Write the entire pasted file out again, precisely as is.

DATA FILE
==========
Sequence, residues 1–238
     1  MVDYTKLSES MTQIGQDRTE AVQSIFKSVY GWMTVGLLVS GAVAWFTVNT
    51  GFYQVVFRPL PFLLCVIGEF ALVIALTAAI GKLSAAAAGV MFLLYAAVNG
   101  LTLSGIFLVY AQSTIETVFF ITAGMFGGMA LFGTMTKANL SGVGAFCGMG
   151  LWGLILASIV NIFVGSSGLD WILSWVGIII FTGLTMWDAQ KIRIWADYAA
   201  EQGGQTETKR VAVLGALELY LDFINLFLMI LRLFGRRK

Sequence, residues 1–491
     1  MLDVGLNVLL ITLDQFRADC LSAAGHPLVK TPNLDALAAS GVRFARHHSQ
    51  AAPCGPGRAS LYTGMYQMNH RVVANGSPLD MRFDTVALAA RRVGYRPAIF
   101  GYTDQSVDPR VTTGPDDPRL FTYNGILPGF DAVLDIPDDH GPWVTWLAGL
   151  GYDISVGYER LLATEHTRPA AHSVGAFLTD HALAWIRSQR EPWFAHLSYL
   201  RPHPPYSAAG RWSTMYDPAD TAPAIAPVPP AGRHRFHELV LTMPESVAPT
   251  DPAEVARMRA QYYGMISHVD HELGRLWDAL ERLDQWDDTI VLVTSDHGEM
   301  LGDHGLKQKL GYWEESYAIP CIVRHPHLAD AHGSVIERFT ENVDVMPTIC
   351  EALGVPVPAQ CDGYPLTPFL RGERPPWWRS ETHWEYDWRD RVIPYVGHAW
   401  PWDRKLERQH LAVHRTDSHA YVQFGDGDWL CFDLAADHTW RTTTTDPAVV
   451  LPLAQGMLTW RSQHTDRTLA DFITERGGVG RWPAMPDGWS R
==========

Sequence, residues 1–238
     1  MVDYTKLSES MTQIGQDRTE AVQSIFKSVY GWMTVGLLVS GAVAWFTVNT
    51  GFYQVVFRPL PFLLCVIGEF ALVIALTAAI GKLSAAAAGV MFLLYAAVNG
   101  LTLSGIFLVY AQSTIETVFF ITAGMFGGMA LFGTMTKANL SGVGAFCGMG
   151  LWGLILASIV NIFVGSSGLD WILSWVGIII FTGLTMWDAQ KIRIWADYAA
   201  EQGGQTETKR VAVLGALELY LDFINLFLMI LRLFGRRK

Sequence, residues 1–491
     1  MLDVGLNVLL ITLDQFRADC LSAAGHPLVK TPNLDALAAS GVRFARHHSQ
    51  AAPCGPGRAS LYTGMYQMNH RVVANGSPLD MRFDTVALAA RRVGYRPAIF
   101  GYTDQSVDPR VTTGPDDPRL FTYNGILPGF DAVLDIPDDH GPWVTWLAGL
   151  GYDISVGYER LLATEHTRPA AHSVGAFLTD HALAWIRSQR EPWFAHLSYL
   201  RPHPPYSAAG RWSTMYDPAD TAPAIAPVPP AGRHRFHELV LTMPESVAPT
   251  DPAEVARMRA QYYGMISHVD HELGRLWDAL ERLDQWDDTI VLVTSDHGEM
   301  LGDHGLKQKL GYWEESYAIP CIVRHPHLAD AHGSVIERFT ENVDVMPTIC
   351  EALGVPVPAQ CDGYPLTPFL RGERPPWWRS ETHWEYDWRD RVIPYVGHAW
   401  PWDRKLERQH LAVHRTDSHA YVQFGDGDWL CFDLAADHTW RTTTTDPAVV
   451  LPLAQGMLTW RSQHTDRTLA DFITERGGVG RWPAMPDGWS R